NZ fruit exports 'unaffected' by coldsnap
Horticulture New Zealand president Andrew Fenton says a coldsnap in the country's South Island will not affect fruit and vegetable exports this season.
Fenton told www.freshfruitportal.com snows had however caused transport problems and prevented more than 40 farmers from attending the Horticulture New Zealand Conference 2011.
"The weather’s fine here in the north but further south there’s been snow, so we’re short by about 40 to 50 people here, but otherwise it’s going very well," he says.
"It’s (snow) had no effect at all (on horticulture), it’s only a short cold snap and there isn’t any fruit on vines or trees at the moment in those areas."
Other parts of the agriculture industry however are struggling from the weather, with some media local reports forecasting losses of one million lambs to the cold.
He said the key focal point of the conference has been addressing high domestic prices of some horticultural products like tomatoes, to let consumers know it's not to the growers's benefit but a result of supply issues, particularly from Australia.
On the export front exchange rates have been a key issue, with kiwifruit faring relatively better as they're traded mostly in euros and yen, while apples have struggled as they are mostly traded in U.S. dollars.
"Our domestic market is only four million and the food we export to the world is to a far greater population, and demand for our produce has always been good due to our clean green image. So New Zealand horticulture exports are booming, but with the higher exchange rate returns are lower," says Fenton.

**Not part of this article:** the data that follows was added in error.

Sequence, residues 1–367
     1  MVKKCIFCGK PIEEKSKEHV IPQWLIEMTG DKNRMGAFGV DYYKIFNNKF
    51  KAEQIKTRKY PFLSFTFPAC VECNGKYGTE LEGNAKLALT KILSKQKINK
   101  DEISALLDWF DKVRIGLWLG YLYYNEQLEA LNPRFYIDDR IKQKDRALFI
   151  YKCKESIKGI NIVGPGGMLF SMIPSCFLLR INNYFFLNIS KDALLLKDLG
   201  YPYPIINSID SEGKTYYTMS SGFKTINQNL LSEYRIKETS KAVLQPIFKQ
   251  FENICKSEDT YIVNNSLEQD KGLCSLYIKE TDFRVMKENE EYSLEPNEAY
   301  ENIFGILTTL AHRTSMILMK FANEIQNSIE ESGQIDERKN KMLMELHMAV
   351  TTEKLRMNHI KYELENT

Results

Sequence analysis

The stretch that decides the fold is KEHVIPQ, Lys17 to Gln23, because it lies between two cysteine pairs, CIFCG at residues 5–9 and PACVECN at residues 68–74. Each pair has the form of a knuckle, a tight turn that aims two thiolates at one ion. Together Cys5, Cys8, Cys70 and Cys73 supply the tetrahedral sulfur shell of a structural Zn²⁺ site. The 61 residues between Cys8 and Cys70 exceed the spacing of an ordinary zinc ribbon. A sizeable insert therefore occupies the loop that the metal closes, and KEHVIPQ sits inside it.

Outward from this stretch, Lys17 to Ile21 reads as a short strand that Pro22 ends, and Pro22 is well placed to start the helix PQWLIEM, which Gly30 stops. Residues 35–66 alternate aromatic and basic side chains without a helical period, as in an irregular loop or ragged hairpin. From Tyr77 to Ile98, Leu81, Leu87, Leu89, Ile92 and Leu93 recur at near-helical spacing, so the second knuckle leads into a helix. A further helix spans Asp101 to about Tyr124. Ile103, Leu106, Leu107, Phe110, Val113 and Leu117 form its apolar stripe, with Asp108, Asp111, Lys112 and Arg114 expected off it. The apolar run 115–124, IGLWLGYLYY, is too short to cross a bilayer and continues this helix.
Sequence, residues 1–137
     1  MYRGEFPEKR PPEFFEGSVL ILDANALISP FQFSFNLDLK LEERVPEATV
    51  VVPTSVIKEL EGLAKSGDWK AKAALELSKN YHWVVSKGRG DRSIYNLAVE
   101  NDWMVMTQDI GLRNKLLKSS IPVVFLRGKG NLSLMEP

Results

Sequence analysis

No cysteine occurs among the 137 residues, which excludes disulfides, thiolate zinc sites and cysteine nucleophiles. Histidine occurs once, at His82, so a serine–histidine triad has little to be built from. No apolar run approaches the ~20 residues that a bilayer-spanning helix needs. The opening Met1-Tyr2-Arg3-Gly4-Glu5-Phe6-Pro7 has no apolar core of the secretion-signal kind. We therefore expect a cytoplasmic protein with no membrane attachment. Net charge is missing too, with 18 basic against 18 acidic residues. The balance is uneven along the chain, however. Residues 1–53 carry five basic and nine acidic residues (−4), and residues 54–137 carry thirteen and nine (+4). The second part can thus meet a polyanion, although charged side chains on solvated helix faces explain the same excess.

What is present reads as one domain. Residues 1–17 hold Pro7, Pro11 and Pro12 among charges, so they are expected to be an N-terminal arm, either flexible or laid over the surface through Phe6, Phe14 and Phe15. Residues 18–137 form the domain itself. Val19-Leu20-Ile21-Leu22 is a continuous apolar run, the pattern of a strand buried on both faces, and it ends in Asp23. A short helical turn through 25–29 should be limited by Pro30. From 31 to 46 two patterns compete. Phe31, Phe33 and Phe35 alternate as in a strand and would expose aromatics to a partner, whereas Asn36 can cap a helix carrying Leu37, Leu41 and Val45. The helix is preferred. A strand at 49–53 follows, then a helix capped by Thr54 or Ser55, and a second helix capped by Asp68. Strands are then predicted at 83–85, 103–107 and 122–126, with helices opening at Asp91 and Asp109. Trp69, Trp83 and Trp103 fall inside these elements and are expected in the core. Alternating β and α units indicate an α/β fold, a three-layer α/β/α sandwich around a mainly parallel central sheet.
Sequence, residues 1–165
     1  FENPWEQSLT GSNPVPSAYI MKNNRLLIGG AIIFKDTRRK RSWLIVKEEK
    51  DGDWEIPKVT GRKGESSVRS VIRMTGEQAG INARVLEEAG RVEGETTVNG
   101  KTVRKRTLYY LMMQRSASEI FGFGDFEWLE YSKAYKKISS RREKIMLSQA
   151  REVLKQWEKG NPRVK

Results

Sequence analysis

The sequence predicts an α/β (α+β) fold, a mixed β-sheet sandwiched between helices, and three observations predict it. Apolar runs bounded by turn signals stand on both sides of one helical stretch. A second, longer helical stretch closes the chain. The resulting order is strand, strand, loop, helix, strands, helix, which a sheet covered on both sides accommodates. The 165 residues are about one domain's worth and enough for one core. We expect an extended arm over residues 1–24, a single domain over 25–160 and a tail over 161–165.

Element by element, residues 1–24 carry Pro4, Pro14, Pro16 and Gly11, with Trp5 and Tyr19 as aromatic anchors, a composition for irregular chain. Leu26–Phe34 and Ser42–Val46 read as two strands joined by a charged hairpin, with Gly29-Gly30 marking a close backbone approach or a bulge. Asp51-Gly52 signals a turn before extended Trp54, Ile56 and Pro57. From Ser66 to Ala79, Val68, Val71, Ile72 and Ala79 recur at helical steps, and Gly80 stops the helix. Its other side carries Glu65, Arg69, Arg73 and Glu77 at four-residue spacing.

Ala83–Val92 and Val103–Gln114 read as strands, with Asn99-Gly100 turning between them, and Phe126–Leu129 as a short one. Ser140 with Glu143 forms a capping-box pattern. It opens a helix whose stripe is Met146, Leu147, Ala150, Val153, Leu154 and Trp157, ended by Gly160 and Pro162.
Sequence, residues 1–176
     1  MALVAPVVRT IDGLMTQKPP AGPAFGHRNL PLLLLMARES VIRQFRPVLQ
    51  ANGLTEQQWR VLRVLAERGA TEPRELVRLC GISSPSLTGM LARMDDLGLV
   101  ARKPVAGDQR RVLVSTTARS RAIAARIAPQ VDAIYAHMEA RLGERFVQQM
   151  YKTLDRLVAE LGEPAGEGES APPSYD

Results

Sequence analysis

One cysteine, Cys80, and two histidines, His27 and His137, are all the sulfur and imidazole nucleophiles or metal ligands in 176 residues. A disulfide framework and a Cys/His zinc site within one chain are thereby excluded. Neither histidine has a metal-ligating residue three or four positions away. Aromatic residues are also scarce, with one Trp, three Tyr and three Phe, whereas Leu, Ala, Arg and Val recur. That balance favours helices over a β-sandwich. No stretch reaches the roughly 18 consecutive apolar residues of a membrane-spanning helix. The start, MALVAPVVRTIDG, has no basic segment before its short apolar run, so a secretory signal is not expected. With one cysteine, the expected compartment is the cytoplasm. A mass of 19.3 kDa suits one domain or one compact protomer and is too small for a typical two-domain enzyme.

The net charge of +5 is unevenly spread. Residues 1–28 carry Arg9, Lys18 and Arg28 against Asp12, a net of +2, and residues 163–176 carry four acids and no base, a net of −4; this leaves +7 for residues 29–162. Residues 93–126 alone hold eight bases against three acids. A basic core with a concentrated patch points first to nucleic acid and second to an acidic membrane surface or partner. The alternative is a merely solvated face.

"Kiwifruit is going very well as fortunately it’s not too exposed to the U.S. dollar; in fact it’s gone slightly in their favour, whereas apples have been more exposed to the dollar."
"The important thing for New Zealand horticulture is we have a target for NZ$10 billion (US$8.2 billion) revenue by 2020, which is not that far away, but we’ve already cut through the NZ$5.5 billion (US$4.5 billion) threshold. It’s an ambitious target for a small country like New Zealand, and you can see the determination as a country punching above its weight."
He says kiwifruit and apples make up a significant proportion of horticultural exports, but potatoes and onions are important too, with the latter representing between NZ$600 million (US$491.9 million) and NZ$700 million (US$573.9 million) annually.
"There’s innovation of new products we should see more of in the years to come, new kiwifruit varieties which in the next two to three years should be coming through, and there’s new varieties of apples."
Last week New Zealand businessman John Palmer suggested some apple growers in Nelson would be better off growing grass, as the crisis facing farmers had worsened. While Fenton does not deny many apple growers are in tough times, he points out some have been able to pull through.
"Apple growers are certainly finding it a difficult time, but those who are moving into new varieties, have been smart about the way they’ve grown and worked together are doing fairly well."
Fenton also hails the kiwifruit industry on its efforts to fight Psa.
"Psa has been mentioned today, growers are extremely concerned about Psa and it’s been very much a co-ordinated effort between growers - it’s just a matter of time.
"It’s an enormous effort unlike anything I think has been seen in the horticulture industry."